As always, policies and theories are always in the perfect mode, it is in the practice, the actual scenarios where conflicts may arise. The issues or conflicts pertaining to ethical leadership can be found in many organizations, of different sizes, types and culture. Due to those organizational factors, ethical and moral issues and conflicts can arise on the job. An organization which is fairly large, such as a five-star chain of hotels which can employ at least 5,000 or more employees can be difficult to manage ethically.
Understanding, communicating, implementing and monitoring ethical conduct and decision making can be a gargantuan case in this case. The type of an organization or hotel can also be a factor. The ethical standards of a hotel catering to business gatherings may be different from a hotel which caters to tourists. The predominant culture in a hotel is also relevant in terms of ethics and moral conduct. The culture is of course dictated by the origin, nationalities, backgrounds and educational attainment of the employees and management in a hotel setup can quite determine the predominant culture, ethics and moral values within.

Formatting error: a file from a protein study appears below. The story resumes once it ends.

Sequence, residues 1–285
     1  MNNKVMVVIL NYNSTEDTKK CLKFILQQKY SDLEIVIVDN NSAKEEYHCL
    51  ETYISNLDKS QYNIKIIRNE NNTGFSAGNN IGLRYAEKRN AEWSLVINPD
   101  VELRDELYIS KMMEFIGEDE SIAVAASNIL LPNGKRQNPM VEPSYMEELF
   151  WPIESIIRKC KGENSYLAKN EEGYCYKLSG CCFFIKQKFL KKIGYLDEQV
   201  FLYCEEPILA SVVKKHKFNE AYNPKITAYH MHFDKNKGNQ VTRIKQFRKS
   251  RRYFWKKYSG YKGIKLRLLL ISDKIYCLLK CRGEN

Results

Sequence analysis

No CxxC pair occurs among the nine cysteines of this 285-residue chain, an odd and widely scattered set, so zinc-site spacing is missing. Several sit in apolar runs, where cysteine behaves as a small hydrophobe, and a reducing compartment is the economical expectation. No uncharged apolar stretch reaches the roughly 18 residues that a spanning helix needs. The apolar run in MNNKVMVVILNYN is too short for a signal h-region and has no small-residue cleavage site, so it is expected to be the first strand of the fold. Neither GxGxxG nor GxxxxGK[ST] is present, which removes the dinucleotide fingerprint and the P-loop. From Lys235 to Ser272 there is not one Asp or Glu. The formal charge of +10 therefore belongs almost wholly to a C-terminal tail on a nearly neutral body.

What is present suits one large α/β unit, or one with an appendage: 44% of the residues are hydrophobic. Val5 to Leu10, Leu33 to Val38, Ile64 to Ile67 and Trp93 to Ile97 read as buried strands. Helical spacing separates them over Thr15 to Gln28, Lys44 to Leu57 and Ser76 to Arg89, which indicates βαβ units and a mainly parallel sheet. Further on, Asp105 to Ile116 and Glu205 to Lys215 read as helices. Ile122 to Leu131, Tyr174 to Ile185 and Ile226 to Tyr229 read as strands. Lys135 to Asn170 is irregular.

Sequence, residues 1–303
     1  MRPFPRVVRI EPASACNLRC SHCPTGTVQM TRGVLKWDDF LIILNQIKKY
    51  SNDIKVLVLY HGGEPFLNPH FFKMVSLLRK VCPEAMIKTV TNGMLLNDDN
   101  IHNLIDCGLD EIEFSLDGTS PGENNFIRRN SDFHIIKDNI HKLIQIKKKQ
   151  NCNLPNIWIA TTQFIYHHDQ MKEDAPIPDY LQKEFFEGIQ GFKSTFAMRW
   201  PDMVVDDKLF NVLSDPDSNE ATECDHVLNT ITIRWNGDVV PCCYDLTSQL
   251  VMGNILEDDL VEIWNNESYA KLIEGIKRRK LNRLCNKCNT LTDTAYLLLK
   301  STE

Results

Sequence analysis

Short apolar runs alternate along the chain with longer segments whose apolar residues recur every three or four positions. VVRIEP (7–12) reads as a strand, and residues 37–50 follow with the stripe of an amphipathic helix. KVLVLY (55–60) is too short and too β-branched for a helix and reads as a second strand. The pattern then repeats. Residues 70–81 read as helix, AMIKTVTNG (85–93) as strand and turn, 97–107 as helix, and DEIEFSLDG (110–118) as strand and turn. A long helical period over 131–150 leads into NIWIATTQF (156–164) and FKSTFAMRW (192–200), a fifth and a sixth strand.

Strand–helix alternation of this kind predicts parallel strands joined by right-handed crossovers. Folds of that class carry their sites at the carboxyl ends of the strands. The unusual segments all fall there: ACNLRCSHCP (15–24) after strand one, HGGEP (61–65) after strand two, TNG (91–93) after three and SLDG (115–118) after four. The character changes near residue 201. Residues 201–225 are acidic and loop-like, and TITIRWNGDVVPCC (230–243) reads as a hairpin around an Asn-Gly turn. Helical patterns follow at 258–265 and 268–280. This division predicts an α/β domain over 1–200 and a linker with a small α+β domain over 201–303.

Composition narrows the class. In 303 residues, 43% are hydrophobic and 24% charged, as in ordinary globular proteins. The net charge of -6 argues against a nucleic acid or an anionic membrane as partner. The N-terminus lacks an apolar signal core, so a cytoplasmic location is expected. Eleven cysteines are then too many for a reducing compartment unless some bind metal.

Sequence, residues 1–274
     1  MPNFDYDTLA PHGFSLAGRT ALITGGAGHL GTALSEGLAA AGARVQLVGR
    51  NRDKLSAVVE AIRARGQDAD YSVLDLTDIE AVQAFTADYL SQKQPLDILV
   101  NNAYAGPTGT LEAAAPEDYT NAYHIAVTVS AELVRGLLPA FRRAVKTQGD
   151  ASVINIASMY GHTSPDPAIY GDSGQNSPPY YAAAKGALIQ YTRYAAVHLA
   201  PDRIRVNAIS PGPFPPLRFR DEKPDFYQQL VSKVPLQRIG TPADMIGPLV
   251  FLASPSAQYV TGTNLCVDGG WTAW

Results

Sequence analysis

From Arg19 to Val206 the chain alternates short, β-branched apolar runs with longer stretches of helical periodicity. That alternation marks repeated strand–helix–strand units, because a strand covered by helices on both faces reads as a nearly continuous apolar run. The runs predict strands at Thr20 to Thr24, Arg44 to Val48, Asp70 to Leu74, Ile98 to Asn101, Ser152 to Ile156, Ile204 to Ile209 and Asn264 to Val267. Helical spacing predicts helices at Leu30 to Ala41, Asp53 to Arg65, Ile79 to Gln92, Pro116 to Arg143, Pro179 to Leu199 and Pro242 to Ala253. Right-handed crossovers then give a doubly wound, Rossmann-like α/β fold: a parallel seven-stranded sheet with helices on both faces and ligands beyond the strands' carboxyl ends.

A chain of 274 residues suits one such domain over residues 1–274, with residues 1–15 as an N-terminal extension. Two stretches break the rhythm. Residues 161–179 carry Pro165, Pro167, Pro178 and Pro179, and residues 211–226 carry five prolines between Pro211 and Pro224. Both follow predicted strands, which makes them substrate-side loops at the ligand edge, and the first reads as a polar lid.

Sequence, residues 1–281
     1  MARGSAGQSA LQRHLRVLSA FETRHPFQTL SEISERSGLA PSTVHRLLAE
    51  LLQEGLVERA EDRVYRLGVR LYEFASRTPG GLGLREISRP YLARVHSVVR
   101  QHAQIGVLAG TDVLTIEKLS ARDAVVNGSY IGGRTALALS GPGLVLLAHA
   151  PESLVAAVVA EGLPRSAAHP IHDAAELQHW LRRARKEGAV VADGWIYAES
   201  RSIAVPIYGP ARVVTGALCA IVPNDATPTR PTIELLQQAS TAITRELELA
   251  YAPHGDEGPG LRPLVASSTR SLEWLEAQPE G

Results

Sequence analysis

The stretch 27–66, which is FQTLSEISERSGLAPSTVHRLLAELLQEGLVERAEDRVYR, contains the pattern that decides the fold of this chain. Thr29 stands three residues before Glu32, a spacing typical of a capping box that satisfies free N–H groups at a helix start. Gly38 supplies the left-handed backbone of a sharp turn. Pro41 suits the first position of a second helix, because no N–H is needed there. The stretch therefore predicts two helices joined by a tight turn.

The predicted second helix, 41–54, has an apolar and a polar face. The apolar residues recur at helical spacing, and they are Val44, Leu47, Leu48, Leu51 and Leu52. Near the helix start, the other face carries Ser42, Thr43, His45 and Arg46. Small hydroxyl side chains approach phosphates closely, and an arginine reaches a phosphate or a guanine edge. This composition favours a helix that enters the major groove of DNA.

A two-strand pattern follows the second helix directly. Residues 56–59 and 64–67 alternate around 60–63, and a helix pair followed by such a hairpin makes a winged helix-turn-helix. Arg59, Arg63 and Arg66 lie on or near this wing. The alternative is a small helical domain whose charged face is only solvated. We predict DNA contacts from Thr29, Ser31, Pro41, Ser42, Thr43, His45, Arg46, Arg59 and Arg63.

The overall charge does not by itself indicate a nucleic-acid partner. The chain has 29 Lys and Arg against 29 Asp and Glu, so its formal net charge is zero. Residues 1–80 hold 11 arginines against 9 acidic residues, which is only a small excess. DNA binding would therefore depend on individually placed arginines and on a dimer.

One common managerial ethics issue which can arise in a hotel is the way hotel crew responds to a guest who is complaining. One ethical requirement for hotel employees is to demonstrate respect and accommodation to a guest without too familiar or too privy to the latter. A hotel manager must exemplify the desired behavior on this aspect for his employees or subordinates to follow. However, there are also circumstances when hotel managers can be too familiar with guests because of repeated visits.
And of course, a manager is just human after all, so it can be quite difficult to maintain a purely business relationship. The example above is just one of the many possible ethical issues or conflicts which can arise in a hotel setting. References Kolb, R. (ed). (2008). Ethical Role of the Manager. Encyclopedia of Business Ethics and Society, 5, 785-789. Robbins, S. & Coulter, M. (2005). Social Responsibility and Managing Ethics. Chapter 5-Management. Prentice Hall, Inc. [online] http://www. wps. prenhall. comlbp_robbins_man_8/16/4183/1070861. cw/index